FLOODED out Oxford council tenants could be back in their flats by Christmas, according to the team behind the clean-up operation.

More than 200 properties in the city were affected by flooding, among them 26 council homes in Bullstake Close, West Oxford.

This week, residents and Oxford City Homes staff began the clean-up that is set to take months to complete.

At its height, the flood water was two feet deep inside the flats. Ruined carpets, beds, wardrobes, fridges, washing machines and bags of belongings are now piled high in the car park.

Oxford City's empty homes manager Martyn Mumford is heading the operation.

He was part of the team that restored the 14 flooded council homes in Normandy Crescent, Cowley, earlier this year - but he said the job they now faced was much bigger.

He said: "We've got to get the carpets out, the furniture out, all the electrical checks done, then get the dehumidifiers in. But we have to work around loss adjusters."

The industrial dehumidifiers, which had to be shipped in from abroad because of UK demand, will run 24 hours a day and it is not known how long it will take to dry out the homes.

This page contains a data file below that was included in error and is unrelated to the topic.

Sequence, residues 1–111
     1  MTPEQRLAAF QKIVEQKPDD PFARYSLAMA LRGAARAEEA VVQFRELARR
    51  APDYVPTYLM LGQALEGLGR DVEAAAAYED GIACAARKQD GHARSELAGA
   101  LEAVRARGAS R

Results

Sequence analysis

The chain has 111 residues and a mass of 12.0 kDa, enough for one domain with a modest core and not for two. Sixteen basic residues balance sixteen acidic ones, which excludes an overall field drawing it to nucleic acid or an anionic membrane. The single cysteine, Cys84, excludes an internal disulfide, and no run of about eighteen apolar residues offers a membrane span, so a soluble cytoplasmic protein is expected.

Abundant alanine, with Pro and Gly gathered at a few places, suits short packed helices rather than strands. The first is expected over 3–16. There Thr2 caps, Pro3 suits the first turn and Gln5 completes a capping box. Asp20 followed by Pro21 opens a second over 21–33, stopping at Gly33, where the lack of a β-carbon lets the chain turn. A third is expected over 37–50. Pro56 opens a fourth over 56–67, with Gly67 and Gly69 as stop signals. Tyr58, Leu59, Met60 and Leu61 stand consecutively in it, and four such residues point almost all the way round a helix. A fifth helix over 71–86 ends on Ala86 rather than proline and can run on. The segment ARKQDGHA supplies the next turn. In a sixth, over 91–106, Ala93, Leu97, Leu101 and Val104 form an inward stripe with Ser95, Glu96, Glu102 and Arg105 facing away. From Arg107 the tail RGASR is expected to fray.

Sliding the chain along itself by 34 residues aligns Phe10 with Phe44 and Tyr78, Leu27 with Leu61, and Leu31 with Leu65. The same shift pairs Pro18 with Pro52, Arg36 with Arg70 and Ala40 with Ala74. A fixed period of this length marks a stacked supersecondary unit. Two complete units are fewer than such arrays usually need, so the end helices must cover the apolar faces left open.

Kitchen units, flooring, doors, skirting boards and plaster will all need to be replaced in many of the flats.

Mr Mumford said: "It's the drying out part that's difficult. After that, there's 12 weeks of work before we think people will be back in."

He said he hoped residents would be able to return by Christmas.

But Mr Mumford said residents, who are being briefed at regular meetings, were pulling together.

He said: "The residents have been really, really great. Places like this prove there is a sense of community."

He said residents in first floor flats had been checking on neighbours and making tea and cakes for council staff.

Ann Jackson, who has lived in one of the first floor flats for 12 years, said it was the third time the block had flooded. She said: "This is the worst time but everybody is OK, everybody is helping everyone else. It was horrible on the Sunday morning."